MIT BioMaker Space Sparks Life Sciences Innovation

With a long tradition of hands-on learning, MIT is home to many makerspaces, and the Huang-Hobbs BioMaker Space in Building 26 is one of the newest. Completed in early 2020, the biological engineering and chemical engineering makerspace was the brainchild of “a few exceptionally motivated undergraduates who were ready to charge forward with their own ideas,” says BioMaker space manager Justin Buck PhD ’12. “Some of them wanted to start companies, needed research space to make that happen, and weren’t going to take no for an answer.”

These students, organized under the banner of the MIT BioMakers group, saw the need for an independent lab where they could pursue projects outside of the curricular setting without having to work around teaching schedules. “In the past,” explains Buck, “students with a big idea that they were hoping to explore or commercialize either had to go elsewhere to conduct their research or find a professor willing to adopt the project.”

A makerspace conceived by students

“There has never been a lab space at MIT with the sole purpose of enabling students to carry out independent project proposals in the life sciences,” says Oliver Dodd ’17, one of the founders of the MIT BioMakers group. “When we first started the group, the level of interest from students was striking. For me, it allowed me to carry out research I had been sitting on for years.” Dodd was interested in novel platelet-based cell therapies and went on to cofound a preclinical-stage biotechnology company.

Responding to student demand, the biological engineering and chemical engineering departments decided to partner in the creation of a new makerspace. With lessons learned from MIT’s Project Manus, which has established other student-run makerspaces on campus and built maker communities around these spaces, the departments forged ahead.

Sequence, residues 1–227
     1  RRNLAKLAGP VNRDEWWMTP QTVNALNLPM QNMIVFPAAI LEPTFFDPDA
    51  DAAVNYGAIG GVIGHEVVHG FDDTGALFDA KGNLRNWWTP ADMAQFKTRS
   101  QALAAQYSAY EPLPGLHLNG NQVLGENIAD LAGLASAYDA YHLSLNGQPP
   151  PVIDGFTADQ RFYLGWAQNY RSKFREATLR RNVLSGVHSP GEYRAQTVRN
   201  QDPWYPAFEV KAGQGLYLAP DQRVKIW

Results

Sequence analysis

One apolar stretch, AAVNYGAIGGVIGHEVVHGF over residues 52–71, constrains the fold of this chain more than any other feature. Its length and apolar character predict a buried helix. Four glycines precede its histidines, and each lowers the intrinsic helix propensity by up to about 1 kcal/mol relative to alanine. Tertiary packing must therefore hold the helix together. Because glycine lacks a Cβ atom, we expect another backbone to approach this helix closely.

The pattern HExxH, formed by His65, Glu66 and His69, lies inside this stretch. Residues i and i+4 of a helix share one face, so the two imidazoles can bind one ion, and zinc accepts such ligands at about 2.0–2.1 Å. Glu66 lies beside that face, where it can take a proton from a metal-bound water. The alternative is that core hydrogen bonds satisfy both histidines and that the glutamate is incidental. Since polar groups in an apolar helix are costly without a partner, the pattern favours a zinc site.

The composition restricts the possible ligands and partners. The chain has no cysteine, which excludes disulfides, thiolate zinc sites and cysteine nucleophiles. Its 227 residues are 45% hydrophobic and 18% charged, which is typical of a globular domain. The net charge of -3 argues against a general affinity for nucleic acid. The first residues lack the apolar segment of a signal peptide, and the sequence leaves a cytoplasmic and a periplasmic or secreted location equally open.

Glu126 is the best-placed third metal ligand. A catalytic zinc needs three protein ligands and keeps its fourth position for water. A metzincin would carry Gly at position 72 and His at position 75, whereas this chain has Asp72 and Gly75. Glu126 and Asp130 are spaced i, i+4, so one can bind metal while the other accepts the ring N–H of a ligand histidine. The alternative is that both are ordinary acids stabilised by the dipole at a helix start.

Supporters envisioned a launching pad

Donors Pearl Huang ’80 and Peter Hobbs ’76, SM ’81, PhD ’85, who both have had highly successful careers in the pharmaceutical and chemical industries, were inspired by this project, which unites their MIT majors, chemical engineering and biological engineering. But the driving force behind their support of the space is their belief in the potential of MIT students to change the world. “The one way to get good at innovation is to do it, again and again,” says Huang. “This facility provides a place to test high-risk ideas in a low-risk environment. It allows students to translate and test their ideas sooner rather than later, while they are still drinking from the MIT fire hose.”

Huang and Hobbs also see this makerspace as a place where students can grow into their leadership capabilities by spearheading projects and having full ownership of any intellectual property developed using the facility. “Lots of people have great ideas, but there is still a lack of diversity in the founder and leadership communities of both of our industries. All MIT students have access to the Huang-Hobbs BioMaker Space, giving them a place to practice their passions. It is our hope that this will also enable valuable invention and open doors to the path of leadership,” says Huang.

Humming with student makers

Student activities in the space range from one-day workshops to longer-term research. During this year’s Independent Activities Period (IAP), MIT BioMakers offered a workshop on biological robots, which use living cells to sense, process, and respond to their environments. IAP participants met twice a week to learn more about tissue culture by making rings of muscle tissue able to generate a force around a soft skeleton.

MIT’s 2021 student team at the International Genetically Engineered Machine Competition (iGEM) found the space an ideal location to work on their entry: targeting a therapeutic probiotic for maple syrup urine disease, a genetic condition that prevents the body from breaking down certain amino acids. “iGEM teams are student-driven and student-engineered,” says Buck. “They pick their project and direction, do the actual lab work, and put together a wiki and website to present the project.”